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Byron Shire
February 1, 2023

Humpback whale and calf tangled in shark net – Surfers Paradise

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It took over an hour for this whale and her calf to get themselves free from the shark net on Thursday. Photo supplied

It is the season of humpback whale migration up and down the east coast and inevitably last Thursday a humpback whale and her calf became entangled in shark nets off the coast of Surfers Paradise, the result of the practice of ‘shark netting’ beaches. 

‘After over an hour of struggling in the net, the whales were, fortunately, able to free themselves,’ said a spokesperson for Sea Shepherd.

Every year humpback whales migrate from feeding grounds in the Southern Ocean to the warm waters of the Coral Sea to breed and give birth to their young. Every year a number of them become entangled in some of Queensland’s 27 shark nets. The nets are put in place to reduce the risk of swimmers being bitten by sharks. 

‘Eighty-two whales have been entangled in these shark nets since 2001. In more fortunate instances where an entangled whale is able to be freed, there’s no guarantee they will survive,’ said a spokesperson for Humane Society International. 

Sea Shepherd Shark Defence Campaigner Jonathan Clark said, ‘Every year thousands of eager people, locals and tourists alike, line the headlands and beaches hoping for a glimpse of these magnificent marine creatures. Again and again, they are being greeted by the horror of a whale fighting for life entangled in one of these nets. This is not what people want to see.’

A baby whale caught by a Gold Coast shark net in previous years was later released. Photo supplied

Remove the shark nets

Sea Shepherd is urgently calling on the Queensland Agriculture and Fisheries (QDAF) Minister, Mark Furner, for the immediate removal of shark nets and drumlines in Queensland so whales can migrate safely. 

‘In 2021, four humpback whales became entangled in shark nets in Queensland waters including one young whale that was released by rescuers after a gruelling two-day rescue effort with ‘significant pieces’ of the shark net attached. These pieces included a length of anchor chain and large shark net buoys that have been deflated by the rescue teams. It is believed this whale would not have survived,’ said a Sea Shepherd spokesperson.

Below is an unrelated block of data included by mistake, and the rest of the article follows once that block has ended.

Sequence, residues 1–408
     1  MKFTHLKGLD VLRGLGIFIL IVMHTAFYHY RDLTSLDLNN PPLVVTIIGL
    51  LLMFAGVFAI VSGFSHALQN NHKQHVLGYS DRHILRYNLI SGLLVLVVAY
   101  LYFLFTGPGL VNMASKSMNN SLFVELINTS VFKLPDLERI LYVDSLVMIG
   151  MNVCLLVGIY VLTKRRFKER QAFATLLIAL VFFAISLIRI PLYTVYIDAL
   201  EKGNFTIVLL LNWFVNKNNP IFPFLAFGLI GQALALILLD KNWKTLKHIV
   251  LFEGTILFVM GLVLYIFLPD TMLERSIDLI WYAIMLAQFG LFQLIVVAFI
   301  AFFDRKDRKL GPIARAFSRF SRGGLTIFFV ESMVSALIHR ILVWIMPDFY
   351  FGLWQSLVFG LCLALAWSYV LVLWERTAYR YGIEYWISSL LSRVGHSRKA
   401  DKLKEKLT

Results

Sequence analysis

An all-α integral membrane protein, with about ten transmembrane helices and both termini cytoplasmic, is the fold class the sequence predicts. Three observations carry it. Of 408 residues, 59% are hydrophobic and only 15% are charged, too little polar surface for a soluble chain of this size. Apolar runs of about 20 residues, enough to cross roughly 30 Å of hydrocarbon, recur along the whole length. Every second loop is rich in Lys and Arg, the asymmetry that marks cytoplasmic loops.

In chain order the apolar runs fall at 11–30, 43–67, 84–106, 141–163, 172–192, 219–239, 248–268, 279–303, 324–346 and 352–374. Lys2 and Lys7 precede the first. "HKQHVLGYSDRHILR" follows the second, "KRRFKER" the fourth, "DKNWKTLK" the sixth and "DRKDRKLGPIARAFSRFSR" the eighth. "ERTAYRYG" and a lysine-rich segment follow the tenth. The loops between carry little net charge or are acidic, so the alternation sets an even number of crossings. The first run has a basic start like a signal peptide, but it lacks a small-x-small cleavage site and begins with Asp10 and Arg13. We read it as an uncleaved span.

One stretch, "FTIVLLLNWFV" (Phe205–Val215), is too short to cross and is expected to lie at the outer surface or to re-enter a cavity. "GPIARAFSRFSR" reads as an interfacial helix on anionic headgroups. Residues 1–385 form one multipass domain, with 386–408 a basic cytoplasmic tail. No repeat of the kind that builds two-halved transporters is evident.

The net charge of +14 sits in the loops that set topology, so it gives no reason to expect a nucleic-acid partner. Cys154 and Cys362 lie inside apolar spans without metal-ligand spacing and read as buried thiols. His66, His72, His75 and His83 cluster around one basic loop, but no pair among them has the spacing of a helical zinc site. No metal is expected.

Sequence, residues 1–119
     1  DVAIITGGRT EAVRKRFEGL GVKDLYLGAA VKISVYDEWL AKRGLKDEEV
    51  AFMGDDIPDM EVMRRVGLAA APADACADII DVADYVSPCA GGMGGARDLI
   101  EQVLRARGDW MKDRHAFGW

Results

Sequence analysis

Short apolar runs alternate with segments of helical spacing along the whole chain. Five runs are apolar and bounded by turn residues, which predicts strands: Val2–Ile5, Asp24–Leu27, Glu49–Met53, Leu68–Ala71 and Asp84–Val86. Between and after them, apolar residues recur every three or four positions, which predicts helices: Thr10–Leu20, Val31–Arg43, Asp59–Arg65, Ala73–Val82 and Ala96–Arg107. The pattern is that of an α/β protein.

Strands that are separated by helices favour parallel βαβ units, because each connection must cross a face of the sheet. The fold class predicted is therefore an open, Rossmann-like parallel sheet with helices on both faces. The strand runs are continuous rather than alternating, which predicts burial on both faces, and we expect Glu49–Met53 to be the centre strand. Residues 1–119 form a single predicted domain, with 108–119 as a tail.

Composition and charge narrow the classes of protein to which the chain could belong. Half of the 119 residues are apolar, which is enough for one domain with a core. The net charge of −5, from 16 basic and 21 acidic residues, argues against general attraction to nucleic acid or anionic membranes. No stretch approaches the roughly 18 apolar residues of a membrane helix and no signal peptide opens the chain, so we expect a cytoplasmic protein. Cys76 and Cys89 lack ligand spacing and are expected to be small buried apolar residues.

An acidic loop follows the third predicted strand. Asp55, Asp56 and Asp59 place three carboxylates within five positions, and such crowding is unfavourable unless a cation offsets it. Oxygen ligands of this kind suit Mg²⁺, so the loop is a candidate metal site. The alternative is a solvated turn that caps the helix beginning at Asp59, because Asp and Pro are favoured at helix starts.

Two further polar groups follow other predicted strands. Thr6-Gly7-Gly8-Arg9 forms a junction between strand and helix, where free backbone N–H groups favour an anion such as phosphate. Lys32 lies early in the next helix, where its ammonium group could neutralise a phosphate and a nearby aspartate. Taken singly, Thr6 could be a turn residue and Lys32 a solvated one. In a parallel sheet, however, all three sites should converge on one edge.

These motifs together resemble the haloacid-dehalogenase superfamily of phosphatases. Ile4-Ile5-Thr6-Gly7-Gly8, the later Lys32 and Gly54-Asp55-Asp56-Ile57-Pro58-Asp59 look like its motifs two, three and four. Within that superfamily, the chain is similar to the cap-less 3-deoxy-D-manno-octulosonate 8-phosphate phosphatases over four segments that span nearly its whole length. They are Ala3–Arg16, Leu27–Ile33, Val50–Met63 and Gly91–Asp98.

A Mobula Ray caught in a shark net off Shelly Beach. Photo contributed

A trial replacement of shark nets with alternatives in Queensland waters for the duration of the whale migration was recommended to the Minister for Agriculture and Fisheries, Mark Furner, by the Shark Control Program’s Scientific Working Group in September 2020. The Working Group is a panel of shark experts tasked with guiding the program and providing advice to the Minister’s Office.

However, in 2021, Minister Furner stated publicly that removing the shark nets for the whale migration was off the table despite the scientific advice from his Working Group. 

‘Today’s entanglement (Thursday, 16 June, 2022) is just another awful example of what we all know is coming every winter. Whales migrate right through the very area where the Queensland Government insists on anchoring 186m long gillnets. There are better ways to reduce the risk of shark bite without endangering these whales and marine wildlife. Enough is enough,’ said Humane Society International marine biologist Lawrence Chlebeck.

‘QDAF’s own Scientific Working Group suggested a removal of nets during whale migration season back in 2020. Since then drone surveillance has been successfully trialed and implemented, leaving no reason to continue with shark nets.’

Dr Leonardo Guida, shark scientist at Australian Marine Conservation Society said: ‘It’s incredibly frustrating seeing the same thing unfold each year when we have solutions that modernise beach safety standards and don’t put wildlife at risk. The drones are proving their worth on south-east Queensland beaches, keep them up and get the nets out now.’

A ray caught in netting that is meant to deter sharks. (Sea Shepherd)

Shark nets are installed on beaches on the Gold Coast, Sunshine Coast, Rainbow Beach, and Mackay as a part of Queensland’s Shark Control Program. Though meant to reduce the risk of shark bite, the nets catch huge numbers of non-target species and cannot keep sharks from shore, providing nothing more than a false sense of security.

Sea Shepherd says that, ‘Shark nets and drumlines could easily be replaced by more modern swimmer protection technology such as drones. New South Wales already removes shark nets from their beaches for four months of the whale migration season.’

Sea Shepherd Australia’s Threatened and Endangered Species Campaigner Lauren Sandeman said, ‘Shark nets and drumlines have been demonstrated time and time again to be ineffective at providing any measure of safety for beachgoers – by science, by senate inquiry and in a court of law. Allowing their continued use in direct violation of everything we know negligently enables the decimation of our marine life, and goes against our values as a nation that cherishes our ocean and life within it.’

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